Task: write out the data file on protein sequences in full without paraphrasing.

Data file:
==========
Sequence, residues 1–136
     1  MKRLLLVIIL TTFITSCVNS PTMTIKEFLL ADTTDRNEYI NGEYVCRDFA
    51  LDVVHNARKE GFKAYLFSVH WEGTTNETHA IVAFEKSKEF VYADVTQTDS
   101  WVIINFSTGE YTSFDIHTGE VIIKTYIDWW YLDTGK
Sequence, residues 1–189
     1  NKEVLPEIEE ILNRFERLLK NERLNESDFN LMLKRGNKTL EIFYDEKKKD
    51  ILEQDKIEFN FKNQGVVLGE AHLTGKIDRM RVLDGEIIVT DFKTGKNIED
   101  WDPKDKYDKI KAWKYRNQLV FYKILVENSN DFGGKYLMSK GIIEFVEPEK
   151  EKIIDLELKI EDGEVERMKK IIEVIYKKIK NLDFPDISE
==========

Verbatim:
Sequence, residues 1–136
     1  MKRLLLVIIL TTFITSCVNS PTMTIKEFLL ADTTDRNEYI NGEYVCRDFA
    51  LDVVHNARKE GFKAYLFSVH WEGTTNETHA IVAFEKSKEF VYADVTQTDS
   101  WVIINFSTGE YTSFDIHTGE VIIKTYIDWW YLDTGK
Sequence, residues 1–189
     1  NKEVLPEIEE ILNRFERLLK NERLNESDFN LMLKRGNKTL EIFYDEKKKD
    51  ILEQDKIEFN FKNQGVVLGE AHLTGKIDRM RVLDGEIIVT DFKTGKNIED
   101  WDPKDKYDKI KAWKYRNQLV FYKILVENSN DFGGKYLMSK GIIEFVEPEK
   151  EKIIDLELKI EDGEVERMKK IIEVIYKKIK NLDFPDISE